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SA start-ups lack govt support

Asimmetric is the first South African company to join San Francisco hardware accelerator programme, Highway1.

Asimmetric is the first South African company to join San Francisco hardware accelerator programme, Highway1.

In a typical case of "no prophet is accepted in his hometown", the majority of South African start-ups do not receive financial or other support from the state.

However, a number of the emerging businesses are getting foreign investment and enrolment into overseas incubator programmes.

According to a recent survey by Sage, 96% of the small businesses in SA say they have had no assistance – financial or otherwise – from national government as they strived to build their companies.

Sage recently polled over a thousand SMEs in the US, UK, Germany, France, Spain and SA. The survey, conducted earlier this year, included 130 small and medium-sized enterprises in SA.

Government agency, the Industrial Development Corporation, last month said although it was operating in a "challenging economic environment" characterised by tough trading conditions as well as a global slowdown, it approved funding to the value of R11.5 billion over the last financial year, disbursing R10.9 billion.

Meanwhile, there is a flurry of activity in the South African tech start-up space, with several foreign investors seeing the value in small local businesses with big ideas.

Aisha Pandor, CEO of SweepSouth, and CTO, Alen Ribic.

Aisha Pandor, CEO of SweepSouth, and CTO, Alen Ribic.

These include Cape Town-based start-up Asimmetric, which became the first South African company to join San Francisco hardware accelerator programme, Highway1. South African home-cleaning service SweepSouth was selected by Silicon Valley-based venture capital fund and start-up accelerator, 500 Startups.

Another start-up company, WhereIsMyTransport, recently completed its seed funding of R12 million with investment from local and international investors. In a move to partner with local entrepreneurs and innovators, Barclays Africa this month extended its global start-up community, Rise, to SA.

Fredell Jacobs, GM for enterprise development at The Innovation Hub, says early stage investment in SA is generally not a big focus for institutional investors. However, he points out that international investors have a much higher risk appetite. The international investors perhaps have a better understanding and appreciation for tech business models where sometimes there is no revenue for the first three years, says Jacobs.

We need to educate investors to understand how to identify good tech start-up prospects, says professor Barry Dwolatzky, director at JCSE.

We need to educate investors to understand how to identify good tech start-up prospects, says professor Barry Dwolatzky, director at JCSE.

He adds that given the weakness of the rand, it is also relatively cheaper for international investors to make investments in the local start-up ecosystem.

"What we want to encourage is more foreign direct investment but not at the expense of local talent and people leaving to set up shop anywhere else but South Africa. In the long run, companies want to create value and that depends on where the market is," says Jacobs.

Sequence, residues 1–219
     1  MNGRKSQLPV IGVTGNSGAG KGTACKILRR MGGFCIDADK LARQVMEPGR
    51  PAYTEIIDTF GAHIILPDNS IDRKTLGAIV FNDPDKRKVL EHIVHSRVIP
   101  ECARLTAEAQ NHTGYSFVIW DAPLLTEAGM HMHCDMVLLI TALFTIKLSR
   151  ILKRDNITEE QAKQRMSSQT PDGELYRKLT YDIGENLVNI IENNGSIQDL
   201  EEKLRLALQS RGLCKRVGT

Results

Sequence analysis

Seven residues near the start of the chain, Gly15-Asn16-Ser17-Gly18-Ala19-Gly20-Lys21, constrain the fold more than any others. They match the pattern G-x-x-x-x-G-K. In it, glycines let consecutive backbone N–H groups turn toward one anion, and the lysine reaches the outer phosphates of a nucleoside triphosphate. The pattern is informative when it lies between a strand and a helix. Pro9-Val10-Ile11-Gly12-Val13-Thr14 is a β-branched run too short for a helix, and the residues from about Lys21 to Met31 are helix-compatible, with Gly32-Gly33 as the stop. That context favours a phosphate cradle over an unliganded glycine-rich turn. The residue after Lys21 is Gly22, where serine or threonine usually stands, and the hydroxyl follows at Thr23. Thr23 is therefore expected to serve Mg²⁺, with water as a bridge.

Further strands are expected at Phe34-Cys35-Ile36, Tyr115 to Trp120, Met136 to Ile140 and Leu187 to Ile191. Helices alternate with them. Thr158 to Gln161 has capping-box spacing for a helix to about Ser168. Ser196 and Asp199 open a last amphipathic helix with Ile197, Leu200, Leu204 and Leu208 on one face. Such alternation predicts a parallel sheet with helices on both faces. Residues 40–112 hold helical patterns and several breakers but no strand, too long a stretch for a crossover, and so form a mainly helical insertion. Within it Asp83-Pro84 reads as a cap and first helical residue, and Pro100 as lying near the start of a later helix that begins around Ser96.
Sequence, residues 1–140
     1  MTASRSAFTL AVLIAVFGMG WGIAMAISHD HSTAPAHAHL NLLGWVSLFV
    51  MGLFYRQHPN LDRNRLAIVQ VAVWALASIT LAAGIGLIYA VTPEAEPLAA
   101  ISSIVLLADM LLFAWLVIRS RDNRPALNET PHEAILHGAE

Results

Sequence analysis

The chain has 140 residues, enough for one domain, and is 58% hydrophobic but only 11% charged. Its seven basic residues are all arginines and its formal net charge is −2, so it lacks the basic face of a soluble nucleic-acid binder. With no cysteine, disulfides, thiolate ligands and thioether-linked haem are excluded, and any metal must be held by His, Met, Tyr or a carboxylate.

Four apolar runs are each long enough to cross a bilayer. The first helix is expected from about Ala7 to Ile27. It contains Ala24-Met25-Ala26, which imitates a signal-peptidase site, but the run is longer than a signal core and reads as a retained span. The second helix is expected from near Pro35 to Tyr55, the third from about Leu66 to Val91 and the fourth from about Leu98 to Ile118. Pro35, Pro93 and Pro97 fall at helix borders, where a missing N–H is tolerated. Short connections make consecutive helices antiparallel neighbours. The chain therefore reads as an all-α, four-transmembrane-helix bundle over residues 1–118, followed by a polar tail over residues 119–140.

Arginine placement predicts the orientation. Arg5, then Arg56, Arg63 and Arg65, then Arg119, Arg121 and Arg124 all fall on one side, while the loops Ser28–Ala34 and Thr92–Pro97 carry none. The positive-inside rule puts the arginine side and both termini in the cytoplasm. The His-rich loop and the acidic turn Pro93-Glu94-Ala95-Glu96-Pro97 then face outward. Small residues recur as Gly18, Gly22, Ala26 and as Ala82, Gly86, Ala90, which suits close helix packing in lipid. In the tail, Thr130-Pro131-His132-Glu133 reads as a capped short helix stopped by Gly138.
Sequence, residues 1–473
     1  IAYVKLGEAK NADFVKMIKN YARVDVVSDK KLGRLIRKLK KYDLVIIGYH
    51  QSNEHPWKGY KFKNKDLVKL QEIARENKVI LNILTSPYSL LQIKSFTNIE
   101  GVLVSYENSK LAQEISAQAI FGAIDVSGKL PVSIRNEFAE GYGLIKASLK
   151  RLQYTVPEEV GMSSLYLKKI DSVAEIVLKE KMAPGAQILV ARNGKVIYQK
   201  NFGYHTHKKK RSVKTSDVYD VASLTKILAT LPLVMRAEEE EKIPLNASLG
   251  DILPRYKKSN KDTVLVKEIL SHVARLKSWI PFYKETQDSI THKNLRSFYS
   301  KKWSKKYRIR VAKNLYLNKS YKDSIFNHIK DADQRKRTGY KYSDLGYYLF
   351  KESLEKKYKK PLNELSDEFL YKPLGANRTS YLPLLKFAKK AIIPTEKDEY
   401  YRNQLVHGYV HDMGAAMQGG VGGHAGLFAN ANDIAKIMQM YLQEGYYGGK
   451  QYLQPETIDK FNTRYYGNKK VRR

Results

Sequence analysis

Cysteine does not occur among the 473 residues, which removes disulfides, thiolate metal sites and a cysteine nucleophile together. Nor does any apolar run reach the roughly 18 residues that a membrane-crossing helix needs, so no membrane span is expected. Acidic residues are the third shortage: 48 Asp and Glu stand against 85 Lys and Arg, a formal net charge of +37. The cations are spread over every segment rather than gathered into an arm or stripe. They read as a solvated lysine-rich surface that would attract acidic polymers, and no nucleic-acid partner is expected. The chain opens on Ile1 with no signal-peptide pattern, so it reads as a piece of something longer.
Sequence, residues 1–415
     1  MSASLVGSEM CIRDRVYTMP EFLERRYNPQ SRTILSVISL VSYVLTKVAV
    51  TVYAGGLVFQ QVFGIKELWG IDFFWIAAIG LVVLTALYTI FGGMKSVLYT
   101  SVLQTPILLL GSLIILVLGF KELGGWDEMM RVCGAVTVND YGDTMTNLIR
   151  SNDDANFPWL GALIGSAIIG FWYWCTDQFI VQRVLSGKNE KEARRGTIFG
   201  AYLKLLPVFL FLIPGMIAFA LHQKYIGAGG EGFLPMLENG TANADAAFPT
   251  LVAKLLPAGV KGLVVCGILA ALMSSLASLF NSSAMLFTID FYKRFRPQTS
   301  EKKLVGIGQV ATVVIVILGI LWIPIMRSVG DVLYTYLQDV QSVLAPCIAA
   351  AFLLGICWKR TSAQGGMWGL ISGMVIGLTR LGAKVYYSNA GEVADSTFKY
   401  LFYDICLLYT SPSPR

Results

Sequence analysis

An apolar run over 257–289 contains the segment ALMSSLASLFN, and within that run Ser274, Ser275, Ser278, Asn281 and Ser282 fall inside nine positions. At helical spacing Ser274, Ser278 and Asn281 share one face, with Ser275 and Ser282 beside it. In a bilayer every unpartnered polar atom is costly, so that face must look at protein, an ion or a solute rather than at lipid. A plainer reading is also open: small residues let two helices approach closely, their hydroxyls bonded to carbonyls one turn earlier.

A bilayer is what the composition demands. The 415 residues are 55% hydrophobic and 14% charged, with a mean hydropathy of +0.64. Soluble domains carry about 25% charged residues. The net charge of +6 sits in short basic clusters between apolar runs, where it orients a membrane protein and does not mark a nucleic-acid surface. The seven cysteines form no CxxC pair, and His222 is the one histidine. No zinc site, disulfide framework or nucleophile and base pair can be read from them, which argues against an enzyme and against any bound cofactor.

There is no one solution or silver bullet to encourage more local investment, Jacobs says. "We need to celebrate and expose local success stories to encourage local fund managers to allocate resources to start-ups with a higher risk appetite.

"It is important that we embrace the culture of taking risk, and have the conviction and courage to accept that for start-ups it's generally a one out of 10 chance. Local fund managers do not like those odds.

"For entrepreneurs, the message is that a good idea is not good enough; it must be backed by determined execution and implementation to create value. The idea must translate to a scalable business model that will create long-term value and the money will come easy."

Professor Barry Dwolatzky, director at the Joburg Centre for Software Engineering, says, in general, start-ups will seek the best investment deal available. He is of the view that Silicon Valley venture capital investors are far more aligned to the needs of tech start-ups than their South African counterparts.

"They offer investment and other support that proves very attractive to South African start-ups. An international investor also provides the prospect of exposing the local start-up to international markets and partners," he says.

For the South African economy to benefit from the foreign investments the start-ups are getting, Dwolatzky says this would depend on how well SA is able to retain key aspects of the start-up business in the country.

"While the start-ups might set up sales and customer support overseas, where will they do research and development? Where will the start-up base its production? We need to focus on providing an ecosystem that will encourage start-ups to retain key aspects of their business in SA.

"We need to educate investors to understand how to identify good tech start-up prospects and how to support them," he concludes.


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